Now perhaps as he says this, he thinks of the innate goodness that comes with this love. God's standard for all things, if you like is goodness. A simple definition of ‘love' may be ‘ unrestricted or unlimited good will towards another' and that by definition involves goodness. Psa 34:8 says Taste and see that   the LORD is good and that is repeated many times in the Bible. Everything about God is good and so perhaps it is no surprise that Paul's second mini-exhortation is Hate what is evil; cling to what is good.” (v.9b)


Note that he doesn't say, “don't do what is evil” and he doesn't say “do good.” He goes deeper than that. This goes deep into our emotions, into what we feel. When we have a hatred for evil we will steer clear of it. We will be revolted by it. But when he says, cling to what is good ” he is saying make having it an essential in your life. When you cling to a rock face of a cliff you are holding on for dear life. It is vital to your life. When you cling to a person there is an indication they are incredibly important to you for one reason or another. Paul is thus saying do all you can to hold on to what is good in your life and around your life. So much of modern life (and especially that seen on TV) is not ‘good'. If nobody else is concerned about it, we should be. Goodness is a diminishing currency in this godless world.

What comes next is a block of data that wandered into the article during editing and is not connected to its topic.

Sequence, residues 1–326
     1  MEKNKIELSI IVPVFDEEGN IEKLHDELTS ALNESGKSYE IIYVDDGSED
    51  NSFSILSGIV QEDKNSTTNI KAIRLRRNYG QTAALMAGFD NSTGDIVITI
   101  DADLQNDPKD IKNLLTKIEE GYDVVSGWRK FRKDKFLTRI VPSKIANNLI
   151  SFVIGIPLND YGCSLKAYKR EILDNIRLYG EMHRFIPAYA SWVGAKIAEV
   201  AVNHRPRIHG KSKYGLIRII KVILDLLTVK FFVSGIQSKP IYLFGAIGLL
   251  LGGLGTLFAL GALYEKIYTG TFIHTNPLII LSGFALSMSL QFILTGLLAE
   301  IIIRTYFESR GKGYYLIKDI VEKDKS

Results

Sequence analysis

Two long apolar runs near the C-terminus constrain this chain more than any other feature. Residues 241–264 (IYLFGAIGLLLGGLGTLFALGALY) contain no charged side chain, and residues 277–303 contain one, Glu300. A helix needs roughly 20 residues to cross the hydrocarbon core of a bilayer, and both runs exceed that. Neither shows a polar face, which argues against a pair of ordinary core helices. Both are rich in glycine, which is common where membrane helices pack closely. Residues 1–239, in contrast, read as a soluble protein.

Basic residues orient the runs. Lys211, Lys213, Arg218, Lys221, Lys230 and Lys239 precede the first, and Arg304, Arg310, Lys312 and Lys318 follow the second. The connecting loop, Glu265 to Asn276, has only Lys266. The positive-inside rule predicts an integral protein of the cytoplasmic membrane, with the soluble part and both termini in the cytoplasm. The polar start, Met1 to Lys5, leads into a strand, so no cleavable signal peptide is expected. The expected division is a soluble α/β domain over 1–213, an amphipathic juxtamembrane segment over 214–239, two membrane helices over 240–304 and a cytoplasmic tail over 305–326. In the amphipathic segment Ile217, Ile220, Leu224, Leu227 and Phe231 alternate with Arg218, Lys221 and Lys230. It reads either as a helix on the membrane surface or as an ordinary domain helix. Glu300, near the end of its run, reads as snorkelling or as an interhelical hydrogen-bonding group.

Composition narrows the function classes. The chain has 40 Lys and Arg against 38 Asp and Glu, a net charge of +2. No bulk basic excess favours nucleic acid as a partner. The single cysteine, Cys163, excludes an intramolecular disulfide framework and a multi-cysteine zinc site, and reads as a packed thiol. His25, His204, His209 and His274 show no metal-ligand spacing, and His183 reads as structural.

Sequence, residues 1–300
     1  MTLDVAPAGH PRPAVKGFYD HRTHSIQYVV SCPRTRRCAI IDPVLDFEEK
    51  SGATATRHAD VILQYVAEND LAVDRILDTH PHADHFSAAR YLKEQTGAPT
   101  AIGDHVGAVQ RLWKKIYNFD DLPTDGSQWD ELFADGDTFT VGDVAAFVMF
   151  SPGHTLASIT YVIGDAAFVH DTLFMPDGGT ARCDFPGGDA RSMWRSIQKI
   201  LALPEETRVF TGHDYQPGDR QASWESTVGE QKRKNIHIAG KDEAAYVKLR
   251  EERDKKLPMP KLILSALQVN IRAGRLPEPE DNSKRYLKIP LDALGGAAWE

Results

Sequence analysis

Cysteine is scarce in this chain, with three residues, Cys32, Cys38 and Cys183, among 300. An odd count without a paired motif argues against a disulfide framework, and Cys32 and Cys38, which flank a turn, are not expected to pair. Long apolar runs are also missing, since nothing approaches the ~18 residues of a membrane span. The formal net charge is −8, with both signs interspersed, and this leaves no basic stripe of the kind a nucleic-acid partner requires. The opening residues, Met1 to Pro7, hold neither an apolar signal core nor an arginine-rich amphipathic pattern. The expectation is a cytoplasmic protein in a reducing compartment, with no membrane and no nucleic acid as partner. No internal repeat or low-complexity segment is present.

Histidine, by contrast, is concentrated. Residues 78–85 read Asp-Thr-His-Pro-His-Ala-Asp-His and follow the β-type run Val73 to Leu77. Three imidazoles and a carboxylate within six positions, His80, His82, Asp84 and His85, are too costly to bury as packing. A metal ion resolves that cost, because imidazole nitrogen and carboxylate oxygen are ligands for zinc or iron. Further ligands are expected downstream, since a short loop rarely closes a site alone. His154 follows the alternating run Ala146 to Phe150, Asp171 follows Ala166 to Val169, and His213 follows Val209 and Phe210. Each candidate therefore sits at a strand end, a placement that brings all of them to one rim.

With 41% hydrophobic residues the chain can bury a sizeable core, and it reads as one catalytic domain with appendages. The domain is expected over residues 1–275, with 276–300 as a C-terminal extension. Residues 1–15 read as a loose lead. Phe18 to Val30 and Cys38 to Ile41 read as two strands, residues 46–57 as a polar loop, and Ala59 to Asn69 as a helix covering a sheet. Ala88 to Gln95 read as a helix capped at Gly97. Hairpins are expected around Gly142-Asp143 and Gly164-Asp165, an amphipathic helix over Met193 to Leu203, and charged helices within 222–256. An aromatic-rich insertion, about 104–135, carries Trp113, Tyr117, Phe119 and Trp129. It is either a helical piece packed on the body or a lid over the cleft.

His third of these mini-exhortations is “Be devoted to one another in brotherly love.” (v.10a) You might think after the first one, “let love be sincere” that nothing else need be added but in this third one Paul puts the emphasis on love within the church when he says “one another”, meaning other Christians and when he speaks of “brotherly love.” Someone has said this is love within the family. This is not the all-encompassing agape love of God Himself that is utterly sacrificial, but a more specific form of relationship (in the family) expression.